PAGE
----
What Happens to Cash at Bank When Company Liquidation?
Company liquidation problems are frequently perplexed about what they can and cannot keep after declaring bankruptcy. So much so that there are some myths about company liquidation.
One of the most frequently asked questions is, "What happens to my cash at the bank?"
In this article, we will first define bankruptcy, then explain what happens after an individual declares bankruptcy, and finally what happens to money in a bank.
What is company liquidation?
Company liquidation is that liquidation,disposition and distribution of company property and debt relations after declaring bankruptcy. It means an individual's inability to pay their debts. Simply put, the person's liabilities have outweighed their assets.
A person can become bankrupt by either:
- Filing a debtor's petition;
- Obtaining a court order obtained by a creditor.
What happens in a bankruptcy?
When a person is declared bankrupt, he or she is free of all provable debts. A bankruptcy trustee will be appointed to collect and sell the bankrupt's divisible property. The following properties are divisible:
- Real estate (land, house, etc. );
- Automobiles of a certain value;
- Investments such as stocks and cryptocurrencies.
Superannuation funds are generally not divisible property. There are, of course, exceptions.
What about creditor’s petition?
If you owe a creditor $10,000 or more, the creditor can petition the Court to declare you bankrupt. This is referred to as a creditor's petition. Prior to filing a creditor's petition, a creditor must comply with certain formalities. A summary follows:
To prove that you owe the creditor more than $10,000, the creditor must first obtain a Judgment or Order. The judgment or order must also be less than six years old at the time the creditor's petition is filed; and
The creditor must then obtain and serve a Bankruptcy Notice on you. The Bankruptcy Notice specifies how much time you have to pay the creditor.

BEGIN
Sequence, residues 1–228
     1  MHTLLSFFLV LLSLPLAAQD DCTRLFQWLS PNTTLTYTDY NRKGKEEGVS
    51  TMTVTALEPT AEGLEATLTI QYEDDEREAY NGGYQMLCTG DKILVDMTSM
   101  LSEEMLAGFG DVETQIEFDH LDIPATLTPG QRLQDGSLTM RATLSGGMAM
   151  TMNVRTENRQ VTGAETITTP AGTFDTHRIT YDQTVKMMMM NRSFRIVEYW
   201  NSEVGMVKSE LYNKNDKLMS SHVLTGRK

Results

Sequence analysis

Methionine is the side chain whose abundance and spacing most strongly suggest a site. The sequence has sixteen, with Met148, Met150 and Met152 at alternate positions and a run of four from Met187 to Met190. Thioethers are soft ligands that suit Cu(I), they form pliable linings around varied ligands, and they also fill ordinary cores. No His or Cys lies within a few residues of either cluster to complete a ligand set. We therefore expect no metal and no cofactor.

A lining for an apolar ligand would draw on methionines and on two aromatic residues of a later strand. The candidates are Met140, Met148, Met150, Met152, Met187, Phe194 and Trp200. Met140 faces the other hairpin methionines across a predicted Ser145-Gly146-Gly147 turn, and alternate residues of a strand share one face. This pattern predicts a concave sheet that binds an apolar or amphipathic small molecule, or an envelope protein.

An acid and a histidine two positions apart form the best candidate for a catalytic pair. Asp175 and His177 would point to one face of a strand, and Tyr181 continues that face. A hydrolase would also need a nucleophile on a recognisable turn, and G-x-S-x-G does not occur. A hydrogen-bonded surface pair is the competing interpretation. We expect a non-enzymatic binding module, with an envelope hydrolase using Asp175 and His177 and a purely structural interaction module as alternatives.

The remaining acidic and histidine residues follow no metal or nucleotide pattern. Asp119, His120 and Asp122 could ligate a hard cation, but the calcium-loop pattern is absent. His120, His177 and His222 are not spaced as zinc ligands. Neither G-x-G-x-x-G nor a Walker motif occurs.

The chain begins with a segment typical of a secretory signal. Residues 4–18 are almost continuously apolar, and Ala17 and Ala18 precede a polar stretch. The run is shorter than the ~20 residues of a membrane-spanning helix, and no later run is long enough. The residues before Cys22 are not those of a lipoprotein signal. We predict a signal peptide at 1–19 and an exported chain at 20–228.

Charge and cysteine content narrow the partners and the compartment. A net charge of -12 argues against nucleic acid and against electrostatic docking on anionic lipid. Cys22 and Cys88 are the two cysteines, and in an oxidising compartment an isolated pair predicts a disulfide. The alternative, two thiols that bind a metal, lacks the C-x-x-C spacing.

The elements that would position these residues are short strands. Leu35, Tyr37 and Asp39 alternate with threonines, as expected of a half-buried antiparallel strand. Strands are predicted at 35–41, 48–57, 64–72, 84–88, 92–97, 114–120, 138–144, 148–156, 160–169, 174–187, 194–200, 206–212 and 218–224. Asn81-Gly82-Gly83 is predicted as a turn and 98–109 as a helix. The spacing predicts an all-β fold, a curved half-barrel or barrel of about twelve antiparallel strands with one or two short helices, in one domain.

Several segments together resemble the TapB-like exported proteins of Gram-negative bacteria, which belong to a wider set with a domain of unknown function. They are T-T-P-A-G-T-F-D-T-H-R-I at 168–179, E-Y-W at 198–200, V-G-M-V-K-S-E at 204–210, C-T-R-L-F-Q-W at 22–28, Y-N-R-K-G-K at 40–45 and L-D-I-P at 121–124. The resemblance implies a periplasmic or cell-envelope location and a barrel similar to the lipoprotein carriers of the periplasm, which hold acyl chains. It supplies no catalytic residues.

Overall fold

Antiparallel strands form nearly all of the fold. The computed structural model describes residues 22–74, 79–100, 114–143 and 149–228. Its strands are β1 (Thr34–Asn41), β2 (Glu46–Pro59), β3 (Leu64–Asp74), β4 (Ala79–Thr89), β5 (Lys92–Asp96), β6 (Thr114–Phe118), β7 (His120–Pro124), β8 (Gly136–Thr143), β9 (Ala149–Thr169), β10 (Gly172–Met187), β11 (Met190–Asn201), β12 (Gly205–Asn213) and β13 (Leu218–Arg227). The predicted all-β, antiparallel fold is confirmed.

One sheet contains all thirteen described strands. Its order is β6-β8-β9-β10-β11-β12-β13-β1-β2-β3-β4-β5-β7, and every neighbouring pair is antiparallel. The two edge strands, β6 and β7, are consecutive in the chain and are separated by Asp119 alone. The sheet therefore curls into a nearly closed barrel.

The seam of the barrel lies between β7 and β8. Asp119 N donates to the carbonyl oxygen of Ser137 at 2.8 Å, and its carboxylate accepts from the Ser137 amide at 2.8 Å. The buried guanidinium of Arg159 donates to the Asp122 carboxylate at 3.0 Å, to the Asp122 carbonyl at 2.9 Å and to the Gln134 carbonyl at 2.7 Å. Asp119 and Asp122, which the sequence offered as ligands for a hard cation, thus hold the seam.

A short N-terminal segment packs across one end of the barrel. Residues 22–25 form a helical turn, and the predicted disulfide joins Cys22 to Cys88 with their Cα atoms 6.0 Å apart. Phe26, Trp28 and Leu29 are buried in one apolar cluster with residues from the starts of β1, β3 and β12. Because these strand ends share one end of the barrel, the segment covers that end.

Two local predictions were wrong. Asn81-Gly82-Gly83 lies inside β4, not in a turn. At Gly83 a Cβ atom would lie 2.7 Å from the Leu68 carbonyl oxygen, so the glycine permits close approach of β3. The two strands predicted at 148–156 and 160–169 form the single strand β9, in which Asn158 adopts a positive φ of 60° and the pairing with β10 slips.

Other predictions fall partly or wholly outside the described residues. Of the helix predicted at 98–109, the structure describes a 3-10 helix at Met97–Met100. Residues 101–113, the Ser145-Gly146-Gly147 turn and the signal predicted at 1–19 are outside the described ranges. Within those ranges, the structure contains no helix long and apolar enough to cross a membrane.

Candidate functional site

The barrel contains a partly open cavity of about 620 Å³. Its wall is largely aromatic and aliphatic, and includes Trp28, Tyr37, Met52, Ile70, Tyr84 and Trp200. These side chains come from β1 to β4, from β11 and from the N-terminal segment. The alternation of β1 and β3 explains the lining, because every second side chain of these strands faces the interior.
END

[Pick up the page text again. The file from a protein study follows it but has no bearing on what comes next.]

Failure to pay the amount claimed in the Bankruptcy Notice within 21 days is considered a "act of bankruptcy" under Section 40 of the Bankruptcy Act 1966. (Cth). In order for the creditor's petition to be successful, the creditor must demonstrate that you committed an act of bankruptcy.
If the Court believes you have committed an act of bankruptcy, it will issue a sequestration order. The Order declares and declares you bankrupt.
Appointment of Bankruptcy Trustee
A Bankruptcy Trustee will be appointed to administer your bankrupt estate once an Order for Bankruptcy is issued. A Bankruptcy Trustee is responsible for collecting and selling all of your divisible property in order to pay your creditors. Real property (such as your home) and motor vehicles worth more than a certain amount are examples of divisible property.
What about my cash at bank?
Strictly speaking, a bankrupt's cash is divisible property. The Bankruptcy Act contains no provisions that allow a bankrupt to keep any cash. Some Trustees will collect all of the bankrupt's assets, including all cash in the bank.
At Pearce & Heers, we usually allow a bankrupt to keep an amount sufficient to cover their day-to-day expenses. The amount would be determined by the individual's circumstances. However, as a general rule, we allow a bankrupt to keep around $2,000 to cover their daily expenses. Only in extreme cases would a bankrupt be permitted to keep more than $2,000.
Contact us for assistance
If you have any questions about company liquidation, bankruptcy or simply want to discuss the contents of this article, please contact us at our Brisbane or Gold Coast offices. We may also talk about the alternatives to avoid bankruptcy and company liquidation.